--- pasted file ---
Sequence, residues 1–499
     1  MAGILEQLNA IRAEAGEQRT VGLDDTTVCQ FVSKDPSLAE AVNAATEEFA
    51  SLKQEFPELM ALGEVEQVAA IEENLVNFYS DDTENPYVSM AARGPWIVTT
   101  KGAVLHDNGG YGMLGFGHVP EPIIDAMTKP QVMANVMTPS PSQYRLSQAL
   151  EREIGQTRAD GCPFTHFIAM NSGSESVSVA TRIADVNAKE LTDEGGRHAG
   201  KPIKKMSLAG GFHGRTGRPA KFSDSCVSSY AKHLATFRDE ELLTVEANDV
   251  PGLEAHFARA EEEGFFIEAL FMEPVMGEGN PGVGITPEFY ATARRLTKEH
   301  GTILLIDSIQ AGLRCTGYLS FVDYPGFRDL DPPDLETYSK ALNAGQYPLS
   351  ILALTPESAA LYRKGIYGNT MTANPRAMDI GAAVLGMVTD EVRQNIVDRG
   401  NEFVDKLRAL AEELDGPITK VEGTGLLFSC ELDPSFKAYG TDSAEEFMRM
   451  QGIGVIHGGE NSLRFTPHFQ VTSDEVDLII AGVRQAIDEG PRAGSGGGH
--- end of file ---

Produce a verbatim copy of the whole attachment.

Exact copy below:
Sequence, residues 1–499
     1  MAGILEQLNA IRAEAGEQRT VGLDDTTVCQ FVSKDPSLAE AVNAATEEFA
    51  SLKQEFPELM ALGEVEQVAA IEENLVNFYS DDTENPYVSM AARGPWIVTT
   101  KGAVLHDNGG YGMLGFGHVP EPIIDAMTKP QVMANVMTPS PSQYRLSQAL
   151  EREIGQTRAD GCPFTHFIAM NSGSESVSVA TRIADVNAKE LTDEGGRHAG
   201  KPIKKMSLAG GFHGRTGRPA KFSDSCVSSY AKHLATFRDE ELLTVEANDV
   251  PGLEAHFARA EEEGFFIEAL FMEPVMGEGN PGVGITPEFY ATARRLTKEH
   301  GTILLIDSIQ AGLRCTGYLS FVDYPGFRDL DPPDLETYSK ALNAGQYPLS
   351  ILALTPESAA LYRKGIYGNT MTANPRAMDI GAAVLGMVTD EVRQNIVDRG
   401  NEFVDKLRAL AEELDGPITK VEGTGLLFSC ELDPSFKAYG TDSAEEFMRM
   451  QGIGVIHGGE NSLRFTPHFQ VTSDEVDLII AGVRQAIDEG PRAGSGGGH